Changing the game for IPC professionals

Working in infection prevention and control (IPC) within the NHS has always carried huge responsibility, centred around the prevention of hospital-associated infections, which affect more than 600,000 hospital inpatients annually.

The SARS-CoV-2 pandemic has exponentially increased the responsibility resting on IPC teams.  As well as the immediate need to prevent people infected with SARS-CoV-2 from passing it on to other patients, there’s also been the requirement to prevent vital frontline staff from getting sick, and also to keep the NHS going on a day-to-day basis.

Millions of people have had routine and elective procedures (few of which are truly elective) cancelled because going into hospital was simply too risky.  It’s been up to IPC directors and their teams to figure out how to keep the NHS working through the crisis – and as we emerge, it’s up to them to plan how we tackle the backlogs safely, and ensure we’re prepared should a crisis like this ever occur again.

IPC directors are responsible for many different aspects of infection control throughout the hospital, but hygiene and the management of domestic services operators are a large part of this.  Going forward, it’s the IPC teams in hospitals who must decide on the best strategies for hygiene against the backdrop of what we’ve learned from this pandemic, and the availability of human resources.

It became apparent very early in the SARS-Cov-2 crisis that existing systems for hospital disinfection were a finger in the dike and that a much more scalable approach would be required in the long-term.  The use of wipes and trigger sprays remains widespread throughout the NHS even now, but there’s widespread recognition that these labour-intensive methods are not sustainable for the kind of large area, high frequency disinfection that’s now becoming the baseline in hospitals.

So what does VIRONEX mean for IPC professionals?

It’s no surprise that the Covid crisis has IPC professionals looking for faster, less labour-intensive and more effective ways of disinfecting large areas – and that they’re turning to technology for a solution.  Manual disinfection is a slow process with lots of opportunities for human error in the mixing and application of disinfectant solutions, whereas the latest high-tech systems offer a fully automated alternative that can be deployed by just one person.

However, many hospital trusts are discovering that these systems – such as UVC and hydrogen peroxide – come with their own challenges.  For starters, both are highly labour intensive, not in their actual use, but in the preparation phase.  UV light only disinfects surfaces that it hits directly so anything that casts shadows must be removed from the room being treated, including furniture, equipment and curtains.  Anything that can’t be removed – for example wall-mounted equipment and cabinets – must be opened to allow the UV light in, and surfaces must be scrupulously clean, because it’s not effective in dirty conditions.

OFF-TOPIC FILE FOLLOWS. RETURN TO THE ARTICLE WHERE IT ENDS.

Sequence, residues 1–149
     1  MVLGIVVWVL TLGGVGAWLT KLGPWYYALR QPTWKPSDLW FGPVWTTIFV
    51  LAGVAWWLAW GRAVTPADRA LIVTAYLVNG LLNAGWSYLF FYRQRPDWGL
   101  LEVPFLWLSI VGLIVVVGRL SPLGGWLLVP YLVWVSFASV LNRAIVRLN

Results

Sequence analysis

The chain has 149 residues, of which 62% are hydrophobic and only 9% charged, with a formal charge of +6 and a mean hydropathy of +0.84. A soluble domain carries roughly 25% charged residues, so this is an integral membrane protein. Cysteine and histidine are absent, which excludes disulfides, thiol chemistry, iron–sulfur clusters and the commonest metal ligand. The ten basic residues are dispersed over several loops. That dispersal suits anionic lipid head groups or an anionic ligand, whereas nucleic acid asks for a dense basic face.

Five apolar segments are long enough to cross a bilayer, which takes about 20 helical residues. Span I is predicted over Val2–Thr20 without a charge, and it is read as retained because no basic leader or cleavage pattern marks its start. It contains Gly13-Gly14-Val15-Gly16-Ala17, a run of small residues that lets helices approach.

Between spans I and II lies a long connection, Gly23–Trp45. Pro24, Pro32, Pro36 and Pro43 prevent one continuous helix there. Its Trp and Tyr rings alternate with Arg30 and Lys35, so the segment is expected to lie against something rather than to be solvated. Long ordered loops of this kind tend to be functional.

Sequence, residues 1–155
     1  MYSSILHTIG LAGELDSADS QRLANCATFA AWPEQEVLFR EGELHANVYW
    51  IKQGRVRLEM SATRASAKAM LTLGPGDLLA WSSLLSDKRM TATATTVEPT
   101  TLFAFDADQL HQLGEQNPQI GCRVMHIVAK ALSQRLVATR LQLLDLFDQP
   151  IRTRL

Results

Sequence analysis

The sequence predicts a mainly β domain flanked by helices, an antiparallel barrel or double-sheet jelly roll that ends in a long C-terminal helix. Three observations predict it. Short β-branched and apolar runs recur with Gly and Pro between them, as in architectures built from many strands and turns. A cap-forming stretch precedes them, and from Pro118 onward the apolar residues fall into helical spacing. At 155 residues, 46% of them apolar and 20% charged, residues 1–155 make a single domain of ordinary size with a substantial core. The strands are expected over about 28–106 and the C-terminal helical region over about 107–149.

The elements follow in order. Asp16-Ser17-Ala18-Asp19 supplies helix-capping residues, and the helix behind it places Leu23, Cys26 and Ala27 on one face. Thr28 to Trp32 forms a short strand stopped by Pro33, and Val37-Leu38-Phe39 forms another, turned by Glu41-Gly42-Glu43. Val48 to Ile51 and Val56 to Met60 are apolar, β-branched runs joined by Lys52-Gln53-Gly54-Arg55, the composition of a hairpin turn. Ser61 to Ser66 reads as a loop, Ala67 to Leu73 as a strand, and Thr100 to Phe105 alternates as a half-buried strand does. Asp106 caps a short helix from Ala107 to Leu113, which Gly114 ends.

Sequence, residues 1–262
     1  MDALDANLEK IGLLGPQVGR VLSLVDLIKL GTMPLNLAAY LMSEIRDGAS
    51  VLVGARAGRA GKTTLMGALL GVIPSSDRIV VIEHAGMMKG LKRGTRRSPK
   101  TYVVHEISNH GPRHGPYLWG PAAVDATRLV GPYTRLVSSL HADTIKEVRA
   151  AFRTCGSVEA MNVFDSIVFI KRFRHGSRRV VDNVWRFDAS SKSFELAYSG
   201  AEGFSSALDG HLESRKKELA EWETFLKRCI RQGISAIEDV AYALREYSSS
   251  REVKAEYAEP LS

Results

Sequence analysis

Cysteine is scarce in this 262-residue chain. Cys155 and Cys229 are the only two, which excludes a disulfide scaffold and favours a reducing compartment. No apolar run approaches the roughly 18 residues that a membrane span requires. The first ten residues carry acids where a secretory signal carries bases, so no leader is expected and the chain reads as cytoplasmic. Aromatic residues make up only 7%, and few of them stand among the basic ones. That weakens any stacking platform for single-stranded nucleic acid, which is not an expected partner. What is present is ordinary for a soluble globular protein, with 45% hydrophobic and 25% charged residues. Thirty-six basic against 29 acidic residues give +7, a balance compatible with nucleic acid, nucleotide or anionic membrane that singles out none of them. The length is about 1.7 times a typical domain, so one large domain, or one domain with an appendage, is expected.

HPV works in dirty conditions but it’s a high-risk decontamination strategy that requires a robust preparation process to make it safe.  Hydrogen peroxide vapour is highly toxic and therefore steps must be taken to ensure humans aren’t exposed to it during and after use.  All absorbent materials must be removed from the room because they can act as a ‘sink’ for the vapour, releasing it back into the air later on.  Any potential leaks – including door and window apertures, and ventilation systems, must be sealed using a special membrane to make sure no vapour escapes.  The vapour is deployed remotely, and it can be hours before it’s safe to go back in the room.

Convenient, sustainable disinfection

VIRONEX offers the same broad-spectrum efficacy as both of these systems, without any of the hassle.  It’s effective against 99.999% of bacteria, viruses and spores, including C. difficile, and allows large surface areas to be treated quickly, while retaining all the immediacy and simplicity of manual disinfection processes.

VIRONEX is a pre-mixed formula supplied in a pressurised canister so there’s no need for measuring and mixing – simply grab and go when you need to disinfect.  It’s also very safe – the system is non-flammable, with no power supply required so it can be used and stored almost anywhere.  It’s suitable for all surfaces, which means no need to evacuate or seal up rooms before use – even vinyls, metal and electronic equipment can be decontaminated in a single step using VIRONEX.

VIRONEX is ultra convenient.  It’s a spray and leave system with an optimised, 20-micron continuous mist application that delivers superior surface coverage with no need to wipe.  It dries fast, and falls out of suspension quickly – the exclusion time after treating a room with VIRONEX is just ten minutes.  This means that busy department don’t have lengthy periods of bed downtime, and allows spaces like waiting rooms to be decontaminated much more regularly throughout the day and night.

VIRONEX is easy to implement, with minimal training, and easy to maintain since there’s no complex machinery or programming to go wrong.  We believe that the simpler disinfection processes are, the more effective they’ll be in the long term, reducing the burden on domestic services staff and IPC professionals, making life easier for frontline healthcare workers, and ultimately improving outcomes for patients.

VIRONEX is currently being trialled within our NHS, putting every aspect of the system to the test in medical environments. We’ll be sharing feedback in the coming weeks, so watch this space!  For further information, get in touch.